Direct dye covers an extremely wide variety of molecules that are already intensely colored. They have a wide range of usage in textiles, plastics, cosmetics and in hair dyes.
Direct dyes don’t penetrate very deeply into hair. Because there is little penetration, it is easily shampooed out. This is why we often refer to products that contain mainly direct dyes as temporary. Because of their special vibrancy they are used to provide additional color intensity and staining.
The Kao Research Laboratories in Japan and Germany have developed different direct dye technologies with one purpose: to make hair color brighter, more colourful. They have solved many of the different problems colorists all over the world face so that we’re now in the position to distinguish between different direct dyes technologies.
Direct dyes have several things in common:
They are completely developed molecules and ready for immediate use.
They don’t require activation by mixing with a developer.
They grab onto hair because of different forces such as electromagnetic charges.
They tend to attach mainly at the outer layers, or cuticle, of hair.
They are very color intense and vibrant.
Mixing is very easy as only the rules of subtractive color mix apply.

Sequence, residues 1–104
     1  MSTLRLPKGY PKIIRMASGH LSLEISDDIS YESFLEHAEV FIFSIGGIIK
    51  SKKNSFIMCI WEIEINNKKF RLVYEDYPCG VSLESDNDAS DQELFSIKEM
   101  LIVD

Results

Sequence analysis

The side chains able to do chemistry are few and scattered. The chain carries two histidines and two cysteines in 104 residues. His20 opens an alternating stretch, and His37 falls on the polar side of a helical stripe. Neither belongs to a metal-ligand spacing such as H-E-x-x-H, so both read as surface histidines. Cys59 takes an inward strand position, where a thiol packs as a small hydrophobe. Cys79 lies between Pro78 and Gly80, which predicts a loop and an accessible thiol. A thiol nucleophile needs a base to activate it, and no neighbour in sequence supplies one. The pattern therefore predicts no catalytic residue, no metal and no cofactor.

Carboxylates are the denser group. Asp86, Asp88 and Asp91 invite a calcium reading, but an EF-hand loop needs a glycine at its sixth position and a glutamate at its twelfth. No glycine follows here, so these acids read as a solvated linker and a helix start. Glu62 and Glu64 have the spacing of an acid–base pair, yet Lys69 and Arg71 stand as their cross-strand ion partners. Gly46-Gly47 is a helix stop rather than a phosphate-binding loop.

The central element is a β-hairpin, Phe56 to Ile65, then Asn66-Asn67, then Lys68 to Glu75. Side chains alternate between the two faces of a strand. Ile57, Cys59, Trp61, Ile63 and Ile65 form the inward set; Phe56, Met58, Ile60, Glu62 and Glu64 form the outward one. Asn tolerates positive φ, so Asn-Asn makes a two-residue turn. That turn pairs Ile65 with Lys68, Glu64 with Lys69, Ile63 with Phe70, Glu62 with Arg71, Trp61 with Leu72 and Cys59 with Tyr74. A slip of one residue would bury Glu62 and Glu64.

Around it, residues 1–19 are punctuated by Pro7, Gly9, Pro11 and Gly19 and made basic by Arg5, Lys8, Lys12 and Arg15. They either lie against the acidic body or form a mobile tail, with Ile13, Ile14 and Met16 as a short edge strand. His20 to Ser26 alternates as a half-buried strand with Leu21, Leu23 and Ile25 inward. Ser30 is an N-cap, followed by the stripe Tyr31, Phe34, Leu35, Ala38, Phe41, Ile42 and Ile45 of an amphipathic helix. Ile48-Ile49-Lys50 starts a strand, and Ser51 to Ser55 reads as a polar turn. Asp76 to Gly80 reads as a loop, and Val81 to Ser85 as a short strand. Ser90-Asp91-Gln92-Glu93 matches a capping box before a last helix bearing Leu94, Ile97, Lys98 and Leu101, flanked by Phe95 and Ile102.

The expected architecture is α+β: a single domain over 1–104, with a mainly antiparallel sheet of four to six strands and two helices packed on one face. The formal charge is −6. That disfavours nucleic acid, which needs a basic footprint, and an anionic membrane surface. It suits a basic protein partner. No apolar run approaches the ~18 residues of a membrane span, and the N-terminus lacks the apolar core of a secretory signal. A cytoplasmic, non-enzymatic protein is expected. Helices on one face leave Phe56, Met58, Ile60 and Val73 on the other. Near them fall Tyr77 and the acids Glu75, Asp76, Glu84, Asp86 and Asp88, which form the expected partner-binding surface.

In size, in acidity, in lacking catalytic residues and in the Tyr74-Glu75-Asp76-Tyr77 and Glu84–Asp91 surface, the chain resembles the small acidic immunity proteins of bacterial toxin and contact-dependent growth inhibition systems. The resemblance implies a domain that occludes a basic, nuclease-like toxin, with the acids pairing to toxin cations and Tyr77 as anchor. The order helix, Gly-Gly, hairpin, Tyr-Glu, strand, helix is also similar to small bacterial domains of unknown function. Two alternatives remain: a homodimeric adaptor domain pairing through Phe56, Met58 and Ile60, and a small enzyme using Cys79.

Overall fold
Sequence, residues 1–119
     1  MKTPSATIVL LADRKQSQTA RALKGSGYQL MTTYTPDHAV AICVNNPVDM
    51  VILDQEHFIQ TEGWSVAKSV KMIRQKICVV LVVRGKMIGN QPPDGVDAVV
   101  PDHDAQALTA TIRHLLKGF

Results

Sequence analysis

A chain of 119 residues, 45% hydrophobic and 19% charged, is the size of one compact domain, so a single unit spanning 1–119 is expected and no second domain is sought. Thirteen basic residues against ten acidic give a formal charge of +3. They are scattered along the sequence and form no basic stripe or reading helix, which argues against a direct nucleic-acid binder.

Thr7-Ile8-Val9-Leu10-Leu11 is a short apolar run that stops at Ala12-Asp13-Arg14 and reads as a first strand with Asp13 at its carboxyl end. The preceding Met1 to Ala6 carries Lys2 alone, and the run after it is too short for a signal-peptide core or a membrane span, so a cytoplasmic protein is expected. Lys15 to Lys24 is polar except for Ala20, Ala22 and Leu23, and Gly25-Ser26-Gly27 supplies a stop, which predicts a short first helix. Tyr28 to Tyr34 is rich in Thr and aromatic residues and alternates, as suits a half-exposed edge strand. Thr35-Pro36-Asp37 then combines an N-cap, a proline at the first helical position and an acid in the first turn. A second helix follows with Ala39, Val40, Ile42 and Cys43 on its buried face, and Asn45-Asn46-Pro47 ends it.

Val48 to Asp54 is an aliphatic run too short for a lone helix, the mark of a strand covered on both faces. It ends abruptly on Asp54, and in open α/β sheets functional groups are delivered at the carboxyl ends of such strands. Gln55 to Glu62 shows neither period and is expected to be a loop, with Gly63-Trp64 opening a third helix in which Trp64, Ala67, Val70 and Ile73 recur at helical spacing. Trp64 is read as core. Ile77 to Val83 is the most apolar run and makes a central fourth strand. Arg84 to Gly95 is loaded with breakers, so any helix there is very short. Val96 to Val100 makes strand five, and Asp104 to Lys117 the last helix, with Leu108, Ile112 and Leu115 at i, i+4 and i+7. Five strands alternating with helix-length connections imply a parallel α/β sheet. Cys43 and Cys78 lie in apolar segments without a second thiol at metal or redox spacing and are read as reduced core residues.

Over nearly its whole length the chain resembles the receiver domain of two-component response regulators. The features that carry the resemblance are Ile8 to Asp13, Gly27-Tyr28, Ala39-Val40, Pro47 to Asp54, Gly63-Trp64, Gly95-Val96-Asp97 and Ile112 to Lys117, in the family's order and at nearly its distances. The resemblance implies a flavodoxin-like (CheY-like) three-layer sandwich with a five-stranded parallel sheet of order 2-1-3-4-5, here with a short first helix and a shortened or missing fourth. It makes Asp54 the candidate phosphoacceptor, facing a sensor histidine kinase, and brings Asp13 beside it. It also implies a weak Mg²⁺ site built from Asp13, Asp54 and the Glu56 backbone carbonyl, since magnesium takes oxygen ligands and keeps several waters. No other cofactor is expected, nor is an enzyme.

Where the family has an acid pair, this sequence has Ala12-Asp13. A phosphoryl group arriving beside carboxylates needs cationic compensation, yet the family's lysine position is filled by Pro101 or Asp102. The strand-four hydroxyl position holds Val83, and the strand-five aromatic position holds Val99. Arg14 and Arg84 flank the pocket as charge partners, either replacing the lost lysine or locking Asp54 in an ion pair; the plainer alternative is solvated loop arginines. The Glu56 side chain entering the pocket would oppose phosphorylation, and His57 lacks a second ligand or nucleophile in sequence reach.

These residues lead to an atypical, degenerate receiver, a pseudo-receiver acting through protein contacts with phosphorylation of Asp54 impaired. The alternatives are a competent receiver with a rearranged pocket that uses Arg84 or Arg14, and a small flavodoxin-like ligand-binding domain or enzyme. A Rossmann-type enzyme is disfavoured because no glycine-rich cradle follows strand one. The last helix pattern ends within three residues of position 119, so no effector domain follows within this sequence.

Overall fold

Conventional, common direct dyes are positively (+) charged molecules that are attracted to negatively (-) charged areas of hair. These direct dyes are bigger than couplers and precursors and therefore are not able to penetrate that deep into the hair. They tend to cluster and, by doing so, get even bigger.
Mostly used in acidic or neutral products, conventional direct dyes don’t swell the hair in the way oxidative/alkaline products do. The acidic or neutral environment is another barrier for the conventional direct dye technology to penetrate deep inside the hair. This makes conventional direct dyes not as durable as oxidative dyes or the Special Kao developed direct dye technologies.
To increase intensity, theses dyes need a more porous hair structure, allowing for deeper penetration.
Other factors for durability and intensity are a longer processing time and the amount of dyes. The more dye and the longer the processing time, the more dyes are attracted to the hair.
One of the biggest inventions in hair color is Elumen.
As opposed to direct color dyes using conventional technology, Elumen works with acidic, negatively charged direct dyes and a pH value of 3.0. The natural lactic acid in the color mixture is responsible for this acidic environment.
The special technology transforms the charge of the hair. An excess cationic (+) charge is created and because the Elumen dyes are anionic (-) charged and a type of “pulling effect” is exerted, literally drawing the negative charged Elumen dyes,into the hair. A simulated magnetic, electrostatic attraction occurs, attaching the negatively charged color dyes firmly and permanently to the already positively charged hair.
Learn more about Color Theory here.